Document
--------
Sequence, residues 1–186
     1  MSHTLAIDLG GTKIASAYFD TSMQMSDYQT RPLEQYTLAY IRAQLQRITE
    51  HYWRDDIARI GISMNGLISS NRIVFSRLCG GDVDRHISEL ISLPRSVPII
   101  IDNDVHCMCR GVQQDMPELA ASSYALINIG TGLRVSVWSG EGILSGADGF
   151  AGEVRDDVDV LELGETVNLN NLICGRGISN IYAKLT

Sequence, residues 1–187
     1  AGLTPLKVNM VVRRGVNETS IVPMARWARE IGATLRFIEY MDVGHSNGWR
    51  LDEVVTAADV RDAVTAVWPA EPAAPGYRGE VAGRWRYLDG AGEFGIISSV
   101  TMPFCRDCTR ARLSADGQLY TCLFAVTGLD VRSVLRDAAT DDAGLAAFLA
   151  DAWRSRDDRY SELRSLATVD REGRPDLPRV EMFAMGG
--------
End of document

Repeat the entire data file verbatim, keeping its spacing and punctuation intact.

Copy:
Sequence, residues 1–186
     1  MSHTLAIDLG GTKIASAYFD TSMQMSDYQT RPLEQYTLAY IRAQLQRITE
    51  HYWRDDIARI GISMNGLISS NRIVFSRLCG GDVDRHISEL ISLPRSVPII
   101  IDNDVHCMCR GVQQDMPELA ASSYALINIG TGLRVSVWSG EGILSGADGF
   151  AGEVRDDVDV LELGETVNLN NLICGRGISN IYAKLT

Sequence, residues 1–187
     1  AGLTPLKVNM VVRRGVNETS IVPMARWARE IGATLRFIEY MDVGHSNGWR
    51  LDEVVTAADV RDAVTAVWPA EPAAPGYRGE VAGRWRYLDG AGEFGIISSV
   101  TMPFCRDCTR ARLSADGQLY TCLFAVTGLD VRSVLRDAAT DDAGLAAFLA
   151  DAWRSRDDRY SELRSLATVD REGRPDLPRV EMFAMGG